Charismatic or deceiving: The actions of our political leaders

Illustration by Ellie Kim

Canadian prime minister Justin Trudeau’s recent trip to India sparked debate over the past few weeks. The usually beloved Trudeau is under fire for his ignorant and overzealous approach to Indian culture in hopes of forming a bond with the country. A Sikh extremist convicted of attempting to murder an Indian politician was invited to eat with Trudeau which also raised speculation. This backlash is new to Trudeau, who is adored on social media for his flashy socks and good looks, instead of his controversial decisions to export weapons to Saudi Arabia.

Trudeau is among the world leaders who, by displaying their personalities and charm front and center, are able to distract the public from their questionable actions.  

With a constant media buzz and an array of news outlets, it is more important than ever to take a closer look at our politicians and leaders beyond what they choose to show us. Idolizing leaders based on niceties such as personality and charm is dangerous because it overshadows and masks the serious acts these leaders partake in.

 Former President Barack Obama’s atrocious crimes, yet favorable image in some media, is an example of how charming politicians are able to pull the wool over the eyes of the public. Obama is favored among young people for his witty tweets and appearances on “The Ellen DeGeneres Show,” he is able to maintain a ‘fun’ and ‘relatable’ image.

During his presidency, Obama ordered more than 500 drone strikes against targets in countries such as Pakistan, Yemen and Somalia. The Bureau of Investigative Journalism estimates around 300 to 800 civilians were killed in these countries between 2009 and 2015. What’s most sickening is the Obama administration was able to normalize this practice. There was no public outcry because the White House provided limited information and often false figures. In the first year of his presidency, Obama ordered more drone strikes than Bush did during his entire presidency. According to Gallup, by the end of 2009, President Obama’s job approval rating by Democrats was at 85 percent.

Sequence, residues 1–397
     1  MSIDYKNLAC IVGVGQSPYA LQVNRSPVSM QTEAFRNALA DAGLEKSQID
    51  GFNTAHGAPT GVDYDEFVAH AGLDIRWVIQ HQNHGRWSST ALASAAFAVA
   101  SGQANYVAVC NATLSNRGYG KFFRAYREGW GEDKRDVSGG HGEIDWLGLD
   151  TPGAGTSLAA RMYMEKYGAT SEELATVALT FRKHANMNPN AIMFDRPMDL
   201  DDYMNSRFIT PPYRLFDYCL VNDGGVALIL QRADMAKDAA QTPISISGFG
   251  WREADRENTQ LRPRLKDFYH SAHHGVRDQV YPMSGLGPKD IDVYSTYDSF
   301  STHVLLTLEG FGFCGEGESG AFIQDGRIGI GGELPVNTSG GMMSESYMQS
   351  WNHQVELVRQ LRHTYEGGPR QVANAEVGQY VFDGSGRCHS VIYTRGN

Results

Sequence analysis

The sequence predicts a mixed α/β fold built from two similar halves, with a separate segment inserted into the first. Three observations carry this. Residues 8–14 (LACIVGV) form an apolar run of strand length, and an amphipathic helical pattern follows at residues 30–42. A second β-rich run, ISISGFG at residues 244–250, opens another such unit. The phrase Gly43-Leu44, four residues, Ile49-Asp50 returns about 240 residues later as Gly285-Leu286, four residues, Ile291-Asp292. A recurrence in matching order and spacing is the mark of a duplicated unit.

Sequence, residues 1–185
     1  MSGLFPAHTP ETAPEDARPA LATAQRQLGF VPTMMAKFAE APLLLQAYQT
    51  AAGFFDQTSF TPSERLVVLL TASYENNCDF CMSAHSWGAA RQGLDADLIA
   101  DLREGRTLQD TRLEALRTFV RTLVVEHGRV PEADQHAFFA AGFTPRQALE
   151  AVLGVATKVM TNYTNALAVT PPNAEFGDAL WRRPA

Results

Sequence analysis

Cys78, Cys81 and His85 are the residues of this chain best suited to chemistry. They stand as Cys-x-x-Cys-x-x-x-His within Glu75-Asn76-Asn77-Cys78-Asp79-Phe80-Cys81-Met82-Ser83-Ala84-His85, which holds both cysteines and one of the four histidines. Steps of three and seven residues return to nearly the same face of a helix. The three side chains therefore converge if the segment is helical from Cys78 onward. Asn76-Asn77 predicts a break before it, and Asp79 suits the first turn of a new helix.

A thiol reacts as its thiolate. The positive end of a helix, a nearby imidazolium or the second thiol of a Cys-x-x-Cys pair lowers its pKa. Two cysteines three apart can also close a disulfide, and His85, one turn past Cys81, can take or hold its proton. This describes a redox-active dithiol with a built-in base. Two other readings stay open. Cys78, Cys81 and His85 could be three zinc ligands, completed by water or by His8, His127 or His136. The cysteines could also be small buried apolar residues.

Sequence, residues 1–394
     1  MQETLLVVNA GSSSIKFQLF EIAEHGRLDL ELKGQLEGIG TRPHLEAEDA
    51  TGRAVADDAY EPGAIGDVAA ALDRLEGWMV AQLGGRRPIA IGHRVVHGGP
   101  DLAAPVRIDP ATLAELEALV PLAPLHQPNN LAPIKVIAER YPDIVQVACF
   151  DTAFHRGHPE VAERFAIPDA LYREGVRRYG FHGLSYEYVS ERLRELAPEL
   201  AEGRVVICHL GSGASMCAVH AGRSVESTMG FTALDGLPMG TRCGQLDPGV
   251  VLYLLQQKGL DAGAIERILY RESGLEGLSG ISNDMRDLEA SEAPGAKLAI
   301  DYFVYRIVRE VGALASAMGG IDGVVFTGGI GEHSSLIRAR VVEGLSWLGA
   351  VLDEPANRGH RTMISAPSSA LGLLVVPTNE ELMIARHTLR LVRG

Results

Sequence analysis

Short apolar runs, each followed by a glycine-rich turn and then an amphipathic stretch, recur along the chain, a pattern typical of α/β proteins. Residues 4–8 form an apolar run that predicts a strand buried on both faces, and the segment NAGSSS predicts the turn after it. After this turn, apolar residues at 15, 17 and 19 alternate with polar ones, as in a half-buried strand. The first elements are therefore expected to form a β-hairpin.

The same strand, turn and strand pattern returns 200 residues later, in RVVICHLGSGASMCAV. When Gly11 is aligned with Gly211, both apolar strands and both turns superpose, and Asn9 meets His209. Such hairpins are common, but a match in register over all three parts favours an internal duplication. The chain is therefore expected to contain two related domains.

This is why it is so vital to examine our leaders based on their actions instead of what they say. Perhaps the skepticism and doubt that is applied to unorthodox leaders such as President Donald Trump is one we need to apply to all leaders.

Ronald Reagan, Hollywood actor turned president, was an example of this as well. Reagan is held in high regard in the rankings of U.S. presidents. So beloved, his supporters call themselves “Reaganites,” however when the AIDS/HIV epidemic hit America, Reagan used his power and charm in leading the country towards ignoring the crises and enabling homophobia towards victims.  When he left office in 1989, he had a remarkable approval rating of 63 percent.

Character and personality are traits we should examine in our leaders, but they should not be the only factors. It is our duty as citizens to be aware of the actions of our leaders and then hold them accountable, regardless of how we view them personally.

Amna Kayani, Contributing Columnist 

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